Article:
“The connections we make in the course of a life—maybe that’s what heaven is.”

- Fred Rogers

I can’t imagine a world without PBS—I can’t imagine my world without PBS. I want to say thank you from the bottom of my heart to my WFSU family—to Tasha, Kim, Natalie, Ashley and Trisha (my amazing coworkers and truly intelligent, strong, creative, kind and wonderful people in every way), and to all the staff at WFSU who I have had the pleasure of working with and getting to know. I will miss all of you so much! And, a huge thank you to the teachers, parents, children, and other members of the community I have worked with during my time at WFSU—I so enjoyed watching you experience the magic of PBS!

To quote Barney the Dinosaur….With a great big hug and a kiss from me to you!

Sarah

The Design Process: From Idea to Solution

Organizing_for_Innovation_poster.jpg.resize.710x399

What does innovation look like, and how can one generate innovative ideas and strategies – right in the classroom? This collection, produced by NOVA Education, helps educators and learners explore the process by which innovators seek to make the world a better place through the invention of practical solutions to some of the world’s most pressing problems.

The collection, called “The Design Process: From Idea to Solution,” is made up of four videos, each with an accompanying lesson plan. Young learners can watch college students from around the country engage actively with the design thinking process, and then draw inspiration from them. Teachers can use the lesson plans to guide their students through the design process, helping students to develop unique, innovative ideas and strategies of their very own.

Nothing is more gratifying for students than to have an impact on their world and see their ideas in action! EXPLORE THE COLLECTION: http://to.pbs.org/1r7dzhs

Camping with Hundley

Roasting marshmallows is a camping treat!

Roasting marshmallows is a camping treat!

Curious George is an all-time classic! Watch this “Camping with Hundley” video featuring the beloved, inquisitive monkey with your young learners and help them explore the various tools available to help people complete work. The accompanying lesson plan will ultimately spark your class’ thinking on future careers!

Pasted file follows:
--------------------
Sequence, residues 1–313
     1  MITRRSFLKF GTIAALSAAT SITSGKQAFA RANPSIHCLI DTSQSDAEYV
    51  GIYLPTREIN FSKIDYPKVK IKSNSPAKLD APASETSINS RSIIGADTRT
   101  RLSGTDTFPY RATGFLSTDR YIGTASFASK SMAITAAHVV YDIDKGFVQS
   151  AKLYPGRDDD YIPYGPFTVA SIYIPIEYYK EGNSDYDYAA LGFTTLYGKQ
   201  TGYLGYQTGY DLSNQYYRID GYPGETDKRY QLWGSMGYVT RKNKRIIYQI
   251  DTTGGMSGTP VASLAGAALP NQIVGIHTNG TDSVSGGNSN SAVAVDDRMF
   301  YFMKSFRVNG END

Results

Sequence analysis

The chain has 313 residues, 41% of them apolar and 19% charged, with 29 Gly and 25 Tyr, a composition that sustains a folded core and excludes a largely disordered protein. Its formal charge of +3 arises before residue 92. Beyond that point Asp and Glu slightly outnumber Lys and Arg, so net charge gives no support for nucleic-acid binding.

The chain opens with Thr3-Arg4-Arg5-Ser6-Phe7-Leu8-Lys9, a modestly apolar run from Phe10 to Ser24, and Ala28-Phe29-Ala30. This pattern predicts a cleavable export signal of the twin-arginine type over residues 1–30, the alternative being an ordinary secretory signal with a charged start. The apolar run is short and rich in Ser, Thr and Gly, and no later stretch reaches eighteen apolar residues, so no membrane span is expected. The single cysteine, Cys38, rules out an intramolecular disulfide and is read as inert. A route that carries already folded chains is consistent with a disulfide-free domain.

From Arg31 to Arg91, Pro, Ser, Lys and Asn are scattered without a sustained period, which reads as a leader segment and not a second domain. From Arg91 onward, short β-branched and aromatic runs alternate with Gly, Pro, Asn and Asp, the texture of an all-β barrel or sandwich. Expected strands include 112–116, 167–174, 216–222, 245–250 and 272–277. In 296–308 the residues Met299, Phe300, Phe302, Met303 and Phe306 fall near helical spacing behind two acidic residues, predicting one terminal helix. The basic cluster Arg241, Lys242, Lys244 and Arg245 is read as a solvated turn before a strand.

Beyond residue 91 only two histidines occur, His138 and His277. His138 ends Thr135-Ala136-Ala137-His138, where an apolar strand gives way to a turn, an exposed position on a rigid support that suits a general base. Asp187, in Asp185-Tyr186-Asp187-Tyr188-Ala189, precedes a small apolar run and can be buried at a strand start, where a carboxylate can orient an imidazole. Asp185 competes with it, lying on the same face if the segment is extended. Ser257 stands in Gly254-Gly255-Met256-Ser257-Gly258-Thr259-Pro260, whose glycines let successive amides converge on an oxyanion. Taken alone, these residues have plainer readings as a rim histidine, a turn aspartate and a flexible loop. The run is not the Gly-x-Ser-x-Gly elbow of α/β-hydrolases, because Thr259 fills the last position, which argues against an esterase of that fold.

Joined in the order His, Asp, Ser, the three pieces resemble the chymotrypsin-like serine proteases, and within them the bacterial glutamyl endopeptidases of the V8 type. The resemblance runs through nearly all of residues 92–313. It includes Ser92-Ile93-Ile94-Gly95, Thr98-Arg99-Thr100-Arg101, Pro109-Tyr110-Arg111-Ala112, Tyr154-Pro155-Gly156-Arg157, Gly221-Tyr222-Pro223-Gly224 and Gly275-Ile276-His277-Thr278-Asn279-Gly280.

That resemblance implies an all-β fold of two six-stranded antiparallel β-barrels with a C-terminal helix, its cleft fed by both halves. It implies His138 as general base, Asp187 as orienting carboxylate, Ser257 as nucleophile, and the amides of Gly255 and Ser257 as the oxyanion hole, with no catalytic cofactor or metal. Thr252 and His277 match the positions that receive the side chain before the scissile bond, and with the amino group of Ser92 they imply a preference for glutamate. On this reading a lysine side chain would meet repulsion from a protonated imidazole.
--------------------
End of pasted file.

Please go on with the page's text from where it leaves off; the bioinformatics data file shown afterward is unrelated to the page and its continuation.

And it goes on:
In the video, George needs to use his camping skills after a storm knocks out the electricity that powers the Doorman’s van. He uses a mallet to build a shelter, a lighter to start a fire and sticks to cook hot dogs. After children explore what tools are, who uses them, and how the design of a tool matches its function, they play a game in which they match tools used by different professions. Children then imagine a job they’d like to do someday and a tool they might use.

Perhaps one day, one of your students will grow up to be a writer or illustrator and use the same tools that the creators of Curious George did! LAUNCH THE LESSON PLAN: http://to.pbs.org/1rsyxDg

You can bring Curious George along with you as well! Visit one of our great libraries and borrow a copy of:georgecover

Reading, relaxing and camping are a fantastic way to start the school year right!

Exploring Cuba’s Thriving Coral Reefs

coral reef

Even though at first appearance corals may look like plants or rocks, they are in fact animals, related to sea anemones and jellyfish. Coral reefs the world over are threatened by pollution, rising ocean temperatures and overfishing. In Cuba, however, reefs are flourishing.

Coral reefs are extremely sensitive to environmental changes and depend on clean, clear saltwater for survival. Pollution and agricultural runoff can have a huge impact on the health of a coral reef. In this sense, Cuba’s Communist government may have inadvertently helped protect the Cuban reefs for many years by preventing the flow of fresh water to the sea, as well as limiting the availability and use of fertilizer and pesticides. However, as Cuba begins to open its doors to the rest of the world, increased commercialism and tourism is once again increasing levels of pollution, sedimentation and development in coastal areas, which creates a negative effect on the corals.

In this video from “Nature” follow along with your class as a marine biologist explores the variety of corals, fish and other wildlife in Cuba’s tropical waters, and consider why Cuba’s reefs are so healthy in comparison to those in the rest of the world. WATCH: http://to.pbs.org/1nDACNa

PBS LearningMedia’s Past/Present

Past Present full cast cropped

Now that summer is almost here, it’s time to get gaming! The time: May 1906. The place: The mythical town of Eureka Falls. Reach into a piece of American history with PBS LearningMedia’s Past/Present, an interactive desktop computer game and website designed to impart decision-making and critical thinking skills. Your students will impersonate one of two protagonists: Anna Caruso, a young Italian immigrant worker, or Walter Armbruster, the mill’s young manager. Set against the backdrop of growing labor struggles in an economically harsh climate, Past/Present transports your students to a tense time where labor unrest is on the rise.